Cahors

Cahors is the 'capital' of Lot and is situated in the south of the department.

The slightly dilapidated medieval centre has a relaxed feel with many pavement cafes and restaurants, especially along the boulevard Gambetta. It is best to visit on Saturday market day when the square by the cathedral is humming with activity.

Situated inside a meander of the river Lot, the gallo-roman city of Divona Cadurcorum grew up in the 1st century B.C. around the sacred Divona spring now known as the Fontaine des Chartreux.

Cadurcoum had villas, temples, a theatre, thermal baths and an aqueduct which brought fresh water from the river Vers. The Arc de Diane, the sculptures in the Museum Henri Martin and the remains of the theatre (sadly mostly covered by modern municipal buildings) are all that have survived from that era.

Following the fall of Rome in 415, the conquering Wisigoths progressed rapidly westwards and in 418 were presented, as the result of a treaty with the Romans, with the city of Toulouse and its kingdom of Aquitaine. Then in 511 the Franks came from the north and defeated the Wisigoths who were pushed south beyond the Pyrenees. Muslim armies invaded from north Africa, displacing the Wisigoths in Spain and by 732 the Muslim armies had progressed north as far as Poitiers, where they were finally defeated and repulsed by the Franks.

During this period the city of Cahors changed considerably and shrank into a fortified core defended on the west by a wall along the line of the present day rue Gambetta, and to the east by the river Lot. It is here that the medieval city of Cahors developed, reaching its apogee in the thirteenth century when Cahors became a major centre of European banking, using the Lombard pawn shop system. Cahors went through a period of exceptional expansion linked to the arrival of the bankers and the presence of merchants and businessmen involved in international trade. Their houses still exist on the rue Nationale, rue du Château du Roi and rue des Soubirous. They have wide arcades for shops and workshops at ground level. The living spaces above have double windows with fine tracery, many now destroyed or unfortunately modernised.

In 1159 Henry II Plantagenet annexed the County of Toulouse and thus Quercy. Having failed to take Toulouse by siege he returned north, taking Cahors. He installed a garrison and placed Thomas Becket in charge of the lands of Quercy.

Pope John XXII, a native of Cahors, gave the city a charterhouse and a university plus a scheme of improvements to the river - locks, weirs, watermills and the Pont Valentré.

Around 1345 the existing ramparts were reinforced and a new defensive barrier was raised to the north of the city - 11 square towers at intervals and two gate towers - completely closing it off.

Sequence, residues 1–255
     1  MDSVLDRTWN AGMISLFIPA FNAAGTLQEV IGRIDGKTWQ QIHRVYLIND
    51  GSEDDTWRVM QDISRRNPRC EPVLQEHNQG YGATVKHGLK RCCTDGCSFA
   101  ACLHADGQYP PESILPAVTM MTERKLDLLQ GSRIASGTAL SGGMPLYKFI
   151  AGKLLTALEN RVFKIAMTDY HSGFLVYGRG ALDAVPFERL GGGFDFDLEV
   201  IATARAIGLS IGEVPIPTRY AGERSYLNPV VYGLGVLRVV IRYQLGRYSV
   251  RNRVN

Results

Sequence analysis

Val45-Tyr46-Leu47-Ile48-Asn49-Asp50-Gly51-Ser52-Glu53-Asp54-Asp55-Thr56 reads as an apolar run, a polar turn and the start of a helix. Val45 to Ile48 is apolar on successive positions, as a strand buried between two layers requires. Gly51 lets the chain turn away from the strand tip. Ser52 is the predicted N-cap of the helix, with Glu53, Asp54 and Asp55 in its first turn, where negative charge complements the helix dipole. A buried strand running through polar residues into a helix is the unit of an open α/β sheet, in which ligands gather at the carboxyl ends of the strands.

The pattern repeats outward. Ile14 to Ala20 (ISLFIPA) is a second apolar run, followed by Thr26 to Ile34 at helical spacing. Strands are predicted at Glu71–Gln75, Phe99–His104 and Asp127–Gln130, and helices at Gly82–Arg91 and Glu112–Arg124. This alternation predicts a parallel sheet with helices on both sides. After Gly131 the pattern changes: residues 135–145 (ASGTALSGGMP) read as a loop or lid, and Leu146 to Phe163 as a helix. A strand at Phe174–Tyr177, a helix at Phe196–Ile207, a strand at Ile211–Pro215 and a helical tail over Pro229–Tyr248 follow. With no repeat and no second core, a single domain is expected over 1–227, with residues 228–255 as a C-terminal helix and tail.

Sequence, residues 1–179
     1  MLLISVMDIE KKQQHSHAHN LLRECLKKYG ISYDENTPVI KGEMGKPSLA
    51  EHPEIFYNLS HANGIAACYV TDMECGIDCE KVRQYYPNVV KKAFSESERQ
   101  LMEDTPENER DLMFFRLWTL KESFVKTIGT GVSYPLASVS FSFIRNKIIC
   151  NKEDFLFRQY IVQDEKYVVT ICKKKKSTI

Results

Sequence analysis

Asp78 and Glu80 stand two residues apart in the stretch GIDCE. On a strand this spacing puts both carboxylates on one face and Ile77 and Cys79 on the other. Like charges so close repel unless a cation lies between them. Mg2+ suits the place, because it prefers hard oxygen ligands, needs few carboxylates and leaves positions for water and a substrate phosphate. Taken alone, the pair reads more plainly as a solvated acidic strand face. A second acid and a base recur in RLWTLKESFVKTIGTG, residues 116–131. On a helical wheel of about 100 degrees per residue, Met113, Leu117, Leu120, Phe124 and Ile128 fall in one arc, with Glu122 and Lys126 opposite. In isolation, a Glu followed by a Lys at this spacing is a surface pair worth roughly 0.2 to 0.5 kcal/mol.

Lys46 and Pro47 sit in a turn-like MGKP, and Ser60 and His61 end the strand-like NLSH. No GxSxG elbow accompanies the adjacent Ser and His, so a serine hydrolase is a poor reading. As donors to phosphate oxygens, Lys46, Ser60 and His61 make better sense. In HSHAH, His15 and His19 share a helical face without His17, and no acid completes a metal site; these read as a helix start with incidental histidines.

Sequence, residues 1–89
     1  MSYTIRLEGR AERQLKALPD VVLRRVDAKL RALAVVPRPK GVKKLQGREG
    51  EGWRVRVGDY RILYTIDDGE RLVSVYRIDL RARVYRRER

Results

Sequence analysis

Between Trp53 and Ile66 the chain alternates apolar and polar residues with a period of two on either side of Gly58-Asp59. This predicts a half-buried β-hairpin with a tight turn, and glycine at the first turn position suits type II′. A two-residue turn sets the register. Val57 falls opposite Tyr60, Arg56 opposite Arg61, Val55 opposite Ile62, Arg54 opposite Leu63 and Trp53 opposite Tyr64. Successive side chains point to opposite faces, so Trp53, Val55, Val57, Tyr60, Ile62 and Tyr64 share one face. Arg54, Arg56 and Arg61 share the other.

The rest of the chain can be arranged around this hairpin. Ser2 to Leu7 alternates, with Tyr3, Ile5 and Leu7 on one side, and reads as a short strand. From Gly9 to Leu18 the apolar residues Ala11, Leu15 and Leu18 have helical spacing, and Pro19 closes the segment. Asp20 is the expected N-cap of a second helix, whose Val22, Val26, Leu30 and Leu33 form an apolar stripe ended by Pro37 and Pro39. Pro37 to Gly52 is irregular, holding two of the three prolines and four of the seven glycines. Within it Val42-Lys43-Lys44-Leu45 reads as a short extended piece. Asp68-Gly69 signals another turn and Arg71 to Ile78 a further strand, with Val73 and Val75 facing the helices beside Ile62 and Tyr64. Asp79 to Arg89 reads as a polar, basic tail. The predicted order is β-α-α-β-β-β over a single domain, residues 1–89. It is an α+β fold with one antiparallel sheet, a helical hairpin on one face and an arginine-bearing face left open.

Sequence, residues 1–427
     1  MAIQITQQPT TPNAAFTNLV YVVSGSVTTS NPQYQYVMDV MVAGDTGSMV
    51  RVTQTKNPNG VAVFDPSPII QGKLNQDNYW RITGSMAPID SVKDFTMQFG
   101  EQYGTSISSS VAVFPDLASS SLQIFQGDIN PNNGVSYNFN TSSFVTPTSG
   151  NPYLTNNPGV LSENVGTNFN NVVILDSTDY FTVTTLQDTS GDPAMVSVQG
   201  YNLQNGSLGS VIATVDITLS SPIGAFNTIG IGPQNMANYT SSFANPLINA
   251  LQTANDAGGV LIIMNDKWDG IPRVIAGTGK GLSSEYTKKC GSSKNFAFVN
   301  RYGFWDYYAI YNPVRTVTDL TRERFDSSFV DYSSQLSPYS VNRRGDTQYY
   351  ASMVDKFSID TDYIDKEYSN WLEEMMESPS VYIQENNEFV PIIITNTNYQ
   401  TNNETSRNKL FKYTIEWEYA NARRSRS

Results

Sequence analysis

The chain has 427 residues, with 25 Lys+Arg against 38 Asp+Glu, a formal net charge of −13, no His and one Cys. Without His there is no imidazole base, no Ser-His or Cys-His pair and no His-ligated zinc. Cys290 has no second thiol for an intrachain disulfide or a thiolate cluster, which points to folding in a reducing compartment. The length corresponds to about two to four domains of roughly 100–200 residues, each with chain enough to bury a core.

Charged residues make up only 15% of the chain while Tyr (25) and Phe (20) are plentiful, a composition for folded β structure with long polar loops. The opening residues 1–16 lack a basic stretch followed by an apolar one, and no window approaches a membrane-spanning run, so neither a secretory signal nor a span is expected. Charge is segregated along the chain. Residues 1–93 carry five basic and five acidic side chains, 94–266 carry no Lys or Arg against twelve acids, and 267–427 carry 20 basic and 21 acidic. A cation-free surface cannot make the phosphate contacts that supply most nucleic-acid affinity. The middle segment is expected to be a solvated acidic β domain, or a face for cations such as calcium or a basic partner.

Three bridges spanned the river. The oldest, the roman Pont Vieux, with five defensive towers, carried the north-south traffic while the Pont Neuf (1291) was to the east. The Pont Valentré to the west was added later, with three fortified towers and six arches, a superb example of medieval defensive architecture. The slow progress of the building work, begun in 1308 and finished some seventy years later, gave rise to a legend about the Devil, remembered by the little carved devil dating from the restoration work of 1879 that can be seen at the top of the central tower. Unfortunately both the Pont Neuf and the Pont Vieux have been demolished and replaced by modern structures.

The cathedral dates from the 11th to 17th centuries and was restored in the 19th century. The massive western tower was added in the early 14th century, giving the building a completely new façade. The houses clustered around the cathedral were demolished, creating a new courtyard, now place Chapou where regular Wednesday and Saturday markets are held. In the 15th and 16th centuries chapels were added and the present cloister, built in the Flamboyant Gothic style, was begun around 1506.

In the 19th century development spread to the west of the old city and boulevard Gambetta became the main street, created where the ditch outside the city wall used to run. The houses on the east side of the boulevard were altered by decree to make them all the same height, forming the terraces still visible now. The new Town Hall, the theatre, Law Courts, and library were built, new streets, wide malls, promenades and gardens were created and quays completed along the banks of the Lot.

Shops and restaurants: In the tightly-packed centre are many restaurants, cafes and small shops. Large supermarkets and other stores can be found on the outskirts.
Market days: Open market in Place Chapou by the cathedral on Wednesday and Saturday mornings. Small covered market open every day except Monday. Foires in Place François Mitterand every 1st and 3rd Saturday.
River trips: in summer.

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Origins of the Hundred Years War

The hundred Years War in Quercy

Evidence of the past